In 1983, Aeromech Airlines merged with Cleveland-based Wright Air Lines, and Connie found herself based in Albany, NY, flying the Convair 600/640. While the Bandeirante was configured for 15 seats, it was a new generation airplane. While the Convair held up to 50 passengers, it was late 1940s technology, devoid of any power-enhanced controls. “The Convair really had to be man-handled, and it was quite a challenge for someone of my size. I worked hard to develop the proper technique to control the Convair, and I believe that that helped earn respect and acceptance from some of the male pilots I flew with.”

Above Copyright Photo: Bruce Drum/AirlinersGallery.com. Wright Air Lines Convair 640 N862FW (msn 9) is seen in Miami on October 30, 1983.

Unfortunately, the merger between Wright and Aeromech proved to be a bad marriage and before long, Connie received word that the airline was on its last legs. “First officers for regional airlines were generally earning something below poverty-level wages, and Wright was no exception. I was living paycheck to paycheck, and I knew I had to do something. I had enough money to apply to exactly one airline.” She elected to put in an application to Piedmont Airlines (1st), which was known to be actively hiring women as pilots. In mid-1984, Connie Tobias was hired by Piedmont, becoming the 16th female pilot flying for the company. Today, by comparison, women make up approximately 5% of the US Airways pilot workforce.

Above Copyright Photo: Bruce Drum/AirlinersGallery.com. Ex-Northeast Airlines/Delta Air Lines Boeing 727-295 N1643 (msn 19448) displays the 1974 livery for Piedmont.

In the mid-1980s, Piedmont was growing by leaps and bounds. Connie started out as a first officer on the Boeing 727 (above), a dramatic step up from the archaic Convair. Piedmont proved to be the Land of Opportunity for Connie, and a mere 26 months later, she became a captain on the company’s Fokker F-28. In rapid succession, she graduated to captain on the twin-engine Boeing 737 and later, the larger tri-jet Boeing 727.

In 1989, Piedmont merged with USAir, later US Airways. As the airline added larger aircraft, Connie made a decision to trade in her low-seniority captain’s seat in exchange for a more comfortable lifestyle of a high-seniority first officer. Connie was able to hold a position in the right seat on the transcontinental Boeing 757 (below) and intercontinental wide-body Boeing 767. She later became a first officer on the largest and longest-range aircraft in the US Airways fleet, the Airbus A330. By all measures, Connie had beaten the odds and broken through the glass ceiling, achieving success in a field that had been considered a male world when she began her journey.

Above Copyright Photo: Bruce Drum/AirlinersGallery.com. USAir’s ex-Eastern Boeing 757-225 N604AU (msn 22199) taxies at Miami in the 1989 livery.

Some seven years ago, however, Connie suddenly found herself facing a new battle, this one against Mother Nature. She explains, “To discuss my medical challenges would take another entire article, but let’s just say I had a total of 13 medical issues. Altogether, I was out of work for six years. I was told that I would probably never again be able to pass a first class medical exam that airline pilots must pass twice a year.”

Connie took on the greatest battle of her life with the same tenacity as she faced other challenges. “I was determined to finish my airline career in the cockpit, and not in a hospital bed. To that end, over the course of six years, I required the services of 19 doctors, and was put under anesthesia ten times. This was the biggest battle of them all in my career, and my life.” But Connie has never been one to accept “No” for an answer, and in typical fashion, she fought back. First, she literally clawed her way back into a healthy body. Once that was accomplished, she worked unceasingly to bring her flying skills back up to speed.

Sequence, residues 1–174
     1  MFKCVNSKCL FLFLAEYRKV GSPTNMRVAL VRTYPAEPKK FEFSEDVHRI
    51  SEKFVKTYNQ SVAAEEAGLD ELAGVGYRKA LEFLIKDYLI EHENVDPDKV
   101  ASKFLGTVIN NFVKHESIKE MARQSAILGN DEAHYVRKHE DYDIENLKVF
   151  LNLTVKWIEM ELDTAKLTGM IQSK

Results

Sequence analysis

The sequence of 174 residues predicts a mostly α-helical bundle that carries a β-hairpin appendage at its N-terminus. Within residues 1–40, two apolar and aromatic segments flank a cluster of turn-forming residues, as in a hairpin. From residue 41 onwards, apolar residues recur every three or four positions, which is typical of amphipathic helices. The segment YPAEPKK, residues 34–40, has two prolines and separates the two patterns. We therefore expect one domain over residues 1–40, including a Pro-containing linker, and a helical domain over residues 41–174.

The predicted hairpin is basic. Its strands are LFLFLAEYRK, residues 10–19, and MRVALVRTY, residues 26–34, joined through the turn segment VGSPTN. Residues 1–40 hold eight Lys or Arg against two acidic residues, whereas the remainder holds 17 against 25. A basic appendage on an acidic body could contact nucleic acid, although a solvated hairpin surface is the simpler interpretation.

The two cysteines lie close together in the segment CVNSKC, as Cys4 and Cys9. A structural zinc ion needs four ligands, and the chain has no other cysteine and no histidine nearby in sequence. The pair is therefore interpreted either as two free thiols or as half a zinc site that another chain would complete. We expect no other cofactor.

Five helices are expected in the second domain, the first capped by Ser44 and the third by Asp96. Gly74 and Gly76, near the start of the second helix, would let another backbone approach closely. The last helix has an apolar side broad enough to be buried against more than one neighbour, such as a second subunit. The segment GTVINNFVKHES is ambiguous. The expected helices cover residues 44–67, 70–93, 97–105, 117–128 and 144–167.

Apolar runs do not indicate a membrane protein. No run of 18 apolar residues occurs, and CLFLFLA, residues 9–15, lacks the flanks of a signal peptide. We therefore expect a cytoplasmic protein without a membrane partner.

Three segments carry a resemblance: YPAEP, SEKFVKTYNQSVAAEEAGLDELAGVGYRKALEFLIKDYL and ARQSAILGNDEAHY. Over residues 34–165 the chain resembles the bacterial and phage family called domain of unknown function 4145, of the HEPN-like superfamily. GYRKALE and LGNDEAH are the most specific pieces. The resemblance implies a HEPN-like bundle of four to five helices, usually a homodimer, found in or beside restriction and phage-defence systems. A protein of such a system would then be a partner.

Above Copyright Photo: Bruce Drum/AirlinersGallery.com. Airbus A319-112 N765US (msn 1371) painted in the 1997 color scheme departs the runway at Charlotte.

 

Finally, in 2013, she was restored to flying status with US Airways, on the Airbus A320 family (above). After being off flying status for six years, she was required to fly in the right seat for six months, but in July of 2014, Connie Tobias once again earned the right to wear the four stripes of a captain on the Airbus.

As inspiring as the story of her airline career is, there is much more to the story of this aviator. She explains, “You might say that an aviator has a love affair with the sky. I love flying, and as airliners become more and more automated, it is easy to get a little bit bored. Sure, there are times when I get to exercise and challenge my piloting skills, but I wanted to do more piloting…more aviating…than what airline life was offering me. I began looking at opportunities outside of the airline environment to get my piloting fix.”

That search took Connie to the Collings Foundation, a private non-profit educational facility dedicated to the preservation and public display of transportation-related history, including historic aircraft. For an aviator like Connie Tobias, it was a dream-come-true. “The Collings Foundation gave me the opportunity to fly all sorts of exotic aircraft, from a McDonnell F4D Phantom II (below) to a 1909 Bleriot XI Monoplane. Of course, in order to fly these aircraft, I had to earn a variety of ratings and endorsements, including seaplane and glider and taildragger skills. I also took an extended course in aerobatics and upset recovery. Ironically, while flying the Phantom was one heck of a kick in the pants, it was the Bleriot that required the greatest challenge and the most research…and opened the most unique of doors for me.”

Connie Tobias F-4 Phantom (LR)

It started with Foundation founder Bob Collings running into Connie one day and remarking, “You know, you look like Harriet Quimby. Will you portray her and, while you are at it, learn to fly the Bleriot?” Quimby was an award-winning photojournalist as well as a movie screenwriter who was also interested in aviation. On August 1, 1911, she became the first woman to earn a pilot’s license in the United States. The following year, she became the first female to fly across the English Channel. There is a saying that it is a lucky man who hears opportunity knock, but it is a wise man who opens the door. Obviously, the same applies to a woman, and Connie Tobias proved to be an extremely wise woman who opened the door that led to her parallel career and unique claim to fame. She took Bob Collings’ suggestion and developed a presentation of the life and accomplishments of Harriet Quimby, which she has performed for audiences around the world.